Bookfilter's Best of Spring Picks
Bookfilter's Best of Spring Picks

Bookfilter’s Best of Spring Picks

The savvy reader’s favorite website BookFilter.com chooses the best theater books of the spring just for Broadway Direct.

The year is just warming up according to the calendar. But theater buffs know that Broadway is reaching a crescendo with splashy new musicals and gripping dramas opening up right through the end of April, just in time for the Tony Awards deadline. So it’s no surprise that books devoted to theater are blossoming as well. Here’s a roundup of the best titles that have just hit stores this spring.
By Lin-Manuel Miranda and Jeremy McCarter
$40, Grand Central Publishing

Well, heck. You can’t get tickets to the show so you might as well get this extensive making-of coffee table book. It contains the full libretto, including footnotes by Miranda, a complete history of the groundbreaking musical, behind-the-scenes info, photos, and more. I mean, you’re still listening to the cast album obsessively, so at least now you have something to hold in your hands while doing so. (And, let’s be honest, while practicing your flow when singing along.) Learn more.

Edited by Albert J. Devlin
$25, Vintage

It’s a compelling glimpse into the mind of one of the giants of theater and film. Stories about the making of landmark works of the stage like A Streetcar Named Desire and Death of a Salesman are cheek by jowl with stories about classic films such as On the Waterfront and East of Eden. Kazan’s take on Marlon Brando and James Dean will pull many in; his take on the craft of mounting a play will keep them turning the pages. Will we chart a person’s life in the future via their emails and texts? Maybe. But this is as good as Kazan’s autobiography, written on the fly with passion and humor and intelligence. Learn more.

By Mary Sharratt
$26, Houghton Mifflin Harcourt

Did William Shakespeare — that barely educated country bumpkin — actually write those globe-spanning masterpieces? Who is the Dark Lady, the woman who haunts some of the greatest sonnets in history? Those are two of the greatest puzzles hovering over the life of the world’s foremost dramatist. Author Sharratt amusingly combines them both in this tantalizing novel of “What if?” In it, a cross-dressing poetess stumbles upon and falls hard for a penniless poet named William Shakespeare. They abscond to Italy and begin collaborating on comedies and tragedies that will shake the world of drama. When their romance ends, so does their collaboration. With Shakespeare the public face of their achievement, he garners all the glory — and then taunts his onetime artistic partner with those sonnets. He should remember that hell hath no fury. . . . Learn more.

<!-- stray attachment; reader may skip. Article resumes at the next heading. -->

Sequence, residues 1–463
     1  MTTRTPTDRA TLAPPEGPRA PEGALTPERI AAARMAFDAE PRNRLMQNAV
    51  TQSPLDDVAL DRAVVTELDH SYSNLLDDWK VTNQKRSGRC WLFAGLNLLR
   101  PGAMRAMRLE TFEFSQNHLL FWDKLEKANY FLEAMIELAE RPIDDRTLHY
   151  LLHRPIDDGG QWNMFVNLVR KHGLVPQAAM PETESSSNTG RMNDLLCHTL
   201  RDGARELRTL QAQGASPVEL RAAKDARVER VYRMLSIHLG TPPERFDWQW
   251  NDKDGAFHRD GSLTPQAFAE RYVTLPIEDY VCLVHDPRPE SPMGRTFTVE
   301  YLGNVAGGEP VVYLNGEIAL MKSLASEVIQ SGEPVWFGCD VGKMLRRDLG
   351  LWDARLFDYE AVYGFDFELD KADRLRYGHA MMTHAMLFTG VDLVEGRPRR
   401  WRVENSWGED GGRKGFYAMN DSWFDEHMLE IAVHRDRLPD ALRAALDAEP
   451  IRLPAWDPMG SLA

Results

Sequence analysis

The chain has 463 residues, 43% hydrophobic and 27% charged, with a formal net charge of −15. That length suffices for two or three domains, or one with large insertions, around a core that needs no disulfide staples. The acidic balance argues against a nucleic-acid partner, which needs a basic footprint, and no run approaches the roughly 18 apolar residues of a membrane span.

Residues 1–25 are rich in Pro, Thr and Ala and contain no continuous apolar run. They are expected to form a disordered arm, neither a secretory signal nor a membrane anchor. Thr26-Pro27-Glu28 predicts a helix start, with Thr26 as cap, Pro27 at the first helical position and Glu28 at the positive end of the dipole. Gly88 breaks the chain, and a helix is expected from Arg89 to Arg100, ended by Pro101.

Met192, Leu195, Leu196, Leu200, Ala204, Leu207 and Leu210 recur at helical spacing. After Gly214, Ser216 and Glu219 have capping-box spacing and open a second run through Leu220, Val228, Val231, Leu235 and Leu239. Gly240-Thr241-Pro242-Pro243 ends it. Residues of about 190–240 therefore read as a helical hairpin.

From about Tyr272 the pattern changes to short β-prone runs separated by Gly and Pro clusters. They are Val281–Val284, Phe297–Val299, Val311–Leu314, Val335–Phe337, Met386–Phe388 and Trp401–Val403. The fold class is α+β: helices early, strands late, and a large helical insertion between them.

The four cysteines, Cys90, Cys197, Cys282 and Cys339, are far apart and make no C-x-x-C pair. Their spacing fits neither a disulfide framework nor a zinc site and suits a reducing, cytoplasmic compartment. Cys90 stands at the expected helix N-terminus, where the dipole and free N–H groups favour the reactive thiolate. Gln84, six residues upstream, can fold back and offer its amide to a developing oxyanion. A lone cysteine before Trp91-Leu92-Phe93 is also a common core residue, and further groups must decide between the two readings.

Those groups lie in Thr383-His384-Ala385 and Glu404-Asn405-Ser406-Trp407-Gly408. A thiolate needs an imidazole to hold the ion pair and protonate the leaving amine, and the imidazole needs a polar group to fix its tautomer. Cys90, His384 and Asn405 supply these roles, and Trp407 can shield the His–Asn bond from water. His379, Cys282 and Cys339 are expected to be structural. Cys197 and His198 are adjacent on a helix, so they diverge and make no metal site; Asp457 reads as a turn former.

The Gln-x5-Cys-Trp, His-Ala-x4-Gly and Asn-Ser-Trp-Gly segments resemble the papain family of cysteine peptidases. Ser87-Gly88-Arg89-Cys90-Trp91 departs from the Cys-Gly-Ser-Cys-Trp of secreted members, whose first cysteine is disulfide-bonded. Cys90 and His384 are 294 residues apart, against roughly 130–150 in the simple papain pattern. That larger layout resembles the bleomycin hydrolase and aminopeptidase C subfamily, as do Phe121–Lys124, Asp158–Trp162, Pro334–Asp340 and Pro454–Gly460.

By William Shakespeare
$7, Penguin Classics

Romeo & Juliet is one of the most assigned plays in schools around the country, the perfect introduction to the romantic, funny, rich, and tragic world of Shakespeare. The Pelican Shakespeare books are one of the most acclaimed modern presentations of the plays of the Bard since the line’s birth in the 1950s. This is just one of many new editions that the imprint is releasing. Each comes with a new cover and the usual essays and notes putting the plays into the context of Shakespeare’s time. They are handsome, portable, and a pleasure to read. Sure, you can download rough copies of all his plays. Maybe you already have some weighty tome on your shelf containing all the collected works, the sort of edition you display but never actually open. Yet there’s an undeniable pleasure in holding individual copies of R&J and Hamlet and Macbeth in your hands, dipping in when you’ve got a moment, carrying them with you everywhere, making notes in the margins, and losing yourself on the page almost as much as you can during a great performance. (Or, if you’re critic Harold Bloom, losing yourself even more!) Learn more.